Discernment comes from the ability to recognize complex patterns and forms. Complex forms aren’t instinctual, but they are recognized using the same hardware and mental process as instinctive forms. Examples of complex forms:
We don’t have to go through a checklist of characteristics in order to identify these things as distinct from other, similar-looking things. We know them instantly, as soon as we see them. Unlike our instinctive ability to recognize secondary sexual characteristics and “monsters” (big, has teeth, etc.) no one is born with the ability to recognize these complex forms outright. They have to be constructed.
One way to do this is by reading a description of a form we’ve already seen, but haven’t yet formalized in our minds. This is because we already have the building blocks, but we haven’t yet decided to prioritize this pattern for the discernment process because mental energy is finite.
I believe that having “intuitions” is the subjective experience of creating a new complex form in the gray matter for easy future recognition. This usually takes the form of some kind of vision, and this vision state is the “very slow thinking” thing I referenced in the title.
This sort of thinking seems to require a preexisting white matter network, a lot of mental energy, and a long period of acetylcholine-seeking, introverted, endogenous cognition. People who experience this vision state in a diluted form tend to describe it as “holistic” thinking or “mass associative” thinking, and I have done so myself. The next step up from this seems to be a genuine vision, as in a seamless mental movie that occurs spontaneously like a dream, where the meaning often (but not always) has to be extracted afterward.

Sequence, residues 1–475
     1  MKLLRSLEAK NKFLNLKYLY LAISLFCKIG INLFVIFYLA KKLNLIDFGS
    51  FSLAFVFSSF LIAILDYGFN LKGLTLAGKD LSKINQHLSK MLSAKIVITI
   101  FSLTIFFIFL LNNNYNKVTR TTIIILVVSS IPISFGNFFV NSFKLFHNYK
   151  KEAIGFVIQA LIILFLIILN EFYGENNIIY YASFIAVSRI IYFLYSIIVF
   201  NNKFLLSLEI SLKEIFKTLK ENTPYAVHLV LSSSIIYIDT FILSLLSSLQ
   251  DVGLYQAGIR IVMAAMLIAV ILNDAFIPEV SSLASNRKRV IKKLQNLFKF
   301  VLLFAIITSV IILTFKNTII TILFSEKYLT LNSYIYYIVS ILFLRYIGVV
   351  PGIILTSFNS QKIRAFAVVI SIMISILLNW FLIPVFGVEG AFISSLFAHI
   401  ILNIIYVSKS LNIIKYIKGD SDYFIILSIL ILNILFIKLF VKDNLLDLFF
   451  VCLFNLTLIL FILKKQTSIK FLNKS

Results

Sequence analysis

The best way to inspire this cognitive state seems to be a combination of mental autonomy, urgency, salient mortal stimuli, and a recognition that survival will depend on perfect attention to details in an unpredictable situation. In order to experience this yourself, I want you to do a thought experiment that is probably out of the ordinary for you if you aren’t a psychopath: pick someone out of a crowd and plan out how you’re going to follow them home, break into their house, and murder them without getting yourself killed by that person or their housemates in self-defense.
Because it’s an unusual situation (unless you’re a professional killer and familiar with the trade talk), you can’t make recourse to thinking it out in words. You immediately switch to a visual mode (unless you lack the hardware). There are an awful lot of details to consider very quickly. The level of danger is high, but also unknown, and the immediacy brings your brain into a hyperfocus state.
Don’t actually do it though, that would be bad and I would feel bad.